When you’re talking about new revenues, and we’ve had a financial services firm do projections with the new revenues coming in from the CFP, the SEC, and the Big 10 will receive a lot of new revenues, so their media contracts, so you’re potentially looking at, in three years from now, there’s going to be another 1.4 billion in new revenues coming into the system that already is tearing apart at the seams because of the ways in which the past new revenue has gone disproportionately to coaches salaries, severance pay, buyouts of coaches, which has reached ridiculous levels that ADs, presidents boards all agree are ridiculous levels, and yet there’s been no effort to try to address those root issues and there’s been no effort to say, “Let’s get this structure and this system corrected before all these new revenues come in.”
There’s a lot going on and a lot to connect all those dots. But that’s why we don’t think Congress is going to say, “We’re going to give you a free get out of jail antitrust card and we’re going to give you an exemption just on NIL,” because there are so many issues and there have not been solutions brought forward by the NCAA to address some of these broader issues of making sure that all of these new revenues, the money should be used to strengthen the educational mission, to go towards health and safety, to go towards mental health and athlete wellbeing. There’s enough money there to do all those things that need to be done, but they’re not acting as proactively as they need to about those things.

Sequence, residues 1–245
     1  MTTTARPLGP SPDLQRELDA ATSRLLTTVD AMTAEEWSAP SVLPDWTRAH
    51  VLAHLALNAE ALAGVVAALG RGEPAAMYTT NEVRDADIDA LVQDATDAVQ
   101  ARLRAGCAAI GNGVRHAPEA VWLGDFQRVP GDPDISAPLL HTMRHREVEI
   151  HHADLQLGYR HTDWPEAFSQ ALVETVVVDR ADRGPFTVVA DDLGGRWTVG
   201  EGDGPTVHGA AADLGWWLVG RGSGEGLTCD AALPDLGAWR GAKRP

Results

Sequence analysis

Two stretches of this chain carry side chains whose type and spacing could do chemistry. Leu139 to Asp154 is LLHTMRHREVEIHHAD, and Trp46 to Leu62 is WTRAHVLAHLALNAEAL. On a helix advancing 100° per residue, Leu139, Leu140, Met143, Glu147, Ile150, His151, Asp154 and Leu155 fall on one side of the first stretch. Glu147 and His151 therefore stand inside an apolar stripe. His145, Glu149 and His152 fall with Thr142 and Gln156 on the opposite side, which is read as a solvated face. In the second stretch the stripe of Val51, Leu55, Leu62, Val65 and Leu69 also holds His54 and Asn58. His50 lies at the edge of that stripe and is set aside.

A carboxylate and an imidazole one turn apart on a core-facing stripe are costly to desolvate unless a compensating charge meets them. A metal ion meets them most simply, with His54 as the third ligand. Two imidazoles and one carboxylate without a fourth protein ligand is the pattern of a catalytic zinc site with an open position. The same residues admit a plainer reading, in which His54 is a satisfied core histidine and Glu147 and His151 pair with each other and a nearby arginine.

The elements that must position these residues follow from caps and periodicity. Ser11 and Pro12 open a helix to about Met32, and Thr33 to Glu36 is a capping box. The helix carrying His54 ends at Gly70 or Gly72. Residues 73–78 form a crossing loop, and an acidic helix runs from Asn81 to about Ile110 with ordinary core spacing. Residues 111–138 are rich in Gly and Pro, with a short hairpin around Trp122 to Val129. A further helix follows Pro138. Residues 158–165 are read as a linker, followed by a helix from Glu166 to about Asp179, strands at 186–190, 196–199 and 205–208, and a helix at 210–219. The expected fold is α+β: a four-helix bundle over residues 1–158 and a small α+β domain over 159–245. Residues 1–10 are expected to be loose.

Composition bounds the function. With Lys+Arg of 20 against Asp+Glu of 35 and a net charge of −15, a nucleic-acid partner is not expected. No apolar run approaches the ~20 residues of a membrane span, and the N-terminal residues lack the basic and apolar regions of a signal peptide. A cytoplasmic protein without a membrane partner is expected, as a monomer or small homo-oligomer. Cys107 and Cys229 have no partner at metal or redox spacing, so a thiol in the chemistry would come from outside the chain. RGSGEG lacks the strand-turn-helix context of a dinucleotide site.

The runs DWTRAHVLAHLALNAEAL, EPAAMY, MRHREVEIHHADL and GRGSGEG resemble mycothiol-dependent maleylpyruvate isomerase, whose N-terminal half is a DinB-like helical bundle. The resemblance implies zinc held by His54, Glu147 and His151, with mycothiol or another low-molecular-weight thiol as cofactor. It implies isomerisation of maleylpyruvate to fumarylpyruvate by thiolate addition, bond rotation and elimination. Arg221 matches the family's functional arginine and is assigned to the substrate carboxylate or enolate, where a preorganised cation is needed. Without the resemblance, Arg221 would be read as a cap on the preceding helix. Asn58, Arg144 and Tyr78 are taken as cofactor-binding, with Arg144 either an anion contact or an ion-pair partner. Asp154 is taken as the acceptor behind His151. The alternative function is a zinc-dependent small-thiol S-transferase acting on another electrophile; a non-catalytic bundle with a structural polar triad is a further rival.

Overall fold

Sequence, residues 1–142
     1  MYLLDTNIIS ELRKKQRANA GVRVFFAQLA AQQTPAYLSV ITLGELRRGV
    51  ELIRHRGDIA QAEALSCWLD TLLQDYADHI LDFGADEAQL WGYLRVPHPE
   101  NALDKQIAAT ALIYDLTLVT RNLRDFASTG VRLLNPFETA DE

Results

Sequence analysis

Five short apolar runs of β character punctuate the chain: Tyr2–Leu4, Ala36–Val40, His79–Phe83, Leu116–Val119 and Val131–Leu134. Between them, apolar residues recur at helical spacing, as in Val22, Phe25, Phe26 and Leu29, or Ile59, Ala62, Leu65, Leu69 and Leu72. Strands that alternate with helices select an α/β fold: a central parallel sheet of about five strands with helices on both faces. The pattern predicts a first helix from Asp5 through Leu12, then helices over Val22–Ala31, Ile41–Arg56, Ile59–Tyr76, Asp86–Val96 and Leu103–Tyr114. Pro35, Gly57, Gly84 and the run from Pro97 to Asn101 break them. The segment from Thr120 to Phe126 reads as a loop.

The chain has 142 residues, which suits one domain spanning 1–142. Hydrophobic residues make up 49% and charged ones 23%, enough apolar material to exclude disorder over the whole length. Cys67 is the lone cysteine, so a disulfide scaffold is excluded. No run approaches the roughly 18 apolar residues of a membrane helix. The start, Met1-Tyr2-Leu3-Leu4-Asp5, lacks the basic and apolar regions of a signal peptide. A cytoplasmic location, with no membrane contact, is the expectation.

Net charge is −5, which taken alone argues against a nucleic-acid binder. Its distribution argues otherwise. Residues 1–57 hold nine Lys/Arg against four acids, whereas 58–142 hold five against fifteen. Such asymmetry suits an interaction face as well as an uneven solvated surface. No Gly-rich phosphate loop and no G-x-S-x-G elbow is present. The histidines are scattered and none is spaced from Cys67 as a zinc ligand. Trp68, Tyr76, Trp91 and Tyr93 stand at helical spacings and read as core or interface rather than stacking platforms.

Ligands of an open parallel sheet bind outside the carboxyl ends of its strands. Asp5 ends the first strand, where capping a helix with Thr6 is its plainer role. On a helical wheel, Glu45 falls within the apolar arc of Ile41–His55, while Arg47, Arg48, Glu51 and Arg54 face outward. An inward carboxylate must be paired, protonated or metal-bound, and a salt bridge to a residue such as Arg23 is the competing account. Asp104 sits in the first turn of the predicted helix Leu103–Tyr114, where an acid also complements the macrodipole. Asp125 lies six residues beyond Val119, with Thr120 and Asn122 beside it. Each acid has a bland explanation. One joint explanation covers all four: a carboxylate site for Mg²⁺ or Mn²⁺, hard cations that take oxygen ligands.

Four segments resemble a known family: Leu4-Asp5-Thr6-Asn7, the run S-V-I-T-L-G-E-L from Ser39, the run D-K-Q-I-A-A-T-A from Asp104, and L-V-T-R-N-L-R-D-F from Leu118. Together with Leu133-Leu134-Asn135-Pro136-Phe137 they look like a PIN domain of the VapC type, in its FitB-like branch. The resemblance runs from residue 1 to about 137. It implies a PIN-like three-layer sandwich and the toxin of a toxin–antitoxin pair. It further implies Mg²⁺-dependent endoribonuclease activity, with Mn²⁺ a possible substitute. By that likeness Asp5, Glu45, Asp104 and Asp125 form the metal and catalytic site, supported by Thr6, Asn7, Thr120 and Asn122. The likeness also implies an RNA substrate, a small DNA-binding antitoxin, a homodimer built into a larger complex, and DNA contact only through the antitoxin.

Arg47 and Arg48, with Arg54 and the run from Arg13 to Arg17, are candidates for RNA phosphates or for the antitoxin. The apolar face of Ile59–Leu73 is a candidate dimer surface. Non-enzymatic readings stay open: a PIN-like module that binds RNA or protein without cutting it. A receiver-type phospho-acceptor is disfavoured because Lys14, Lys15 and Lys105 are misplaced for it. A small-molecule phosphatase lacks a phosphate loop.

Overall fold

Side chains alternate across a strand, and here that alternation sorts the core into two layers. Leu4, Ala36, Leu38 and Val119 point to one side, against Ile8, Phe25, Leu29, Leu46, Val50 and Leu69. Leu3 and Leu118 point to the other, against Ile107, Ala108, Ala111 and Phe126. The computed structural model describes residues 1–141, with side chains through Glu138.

When you talk about being reactive, and you mentioned NIL earlier, we’re coming up on the two-year anniversary of this new approach to compensating student-athletes, what’s your thought on where we are in terms of NIL? What surprises have you seen in how this has rolled out and how both institutions and students and sponsors are reacting to this new world order?
The biggest surprise is probably that the NCAA has failed to enforce its own rules. Again, let’s talk about the principles, there were only two basic principles at the NCAA were going to apply here, because again, they were forced into the change. I do want to say from the outset, the Knight Commission, we held the first-ever national meeting on name, image, likeness issues in 2008, 2008, and that was when video games, the avatars were starting to look a lot like the actual players. Some people criticize us for that, that seems pretty trivial. But fast forward, we issued some guidelines in 2020 that we hoped the NCAA would use to adopt them to help create the new structure.
The NCAA had a task force and their guidelines were pretty similar to ours. I bring that up because if those guidelines have been put in place, we wouldn’t have the chaos we have now, but again, the NCAA decided to wait. They were trying to wait for some litigation to work itself out and by waiting, they put themselves into reactionary mode. Then that reactionary mode has been they are scared to enforce their own principles, which were cannot be used as recruiting inducements and schools can’t be involved in arranging NIL. Both of those issues are being violated and being violated openly.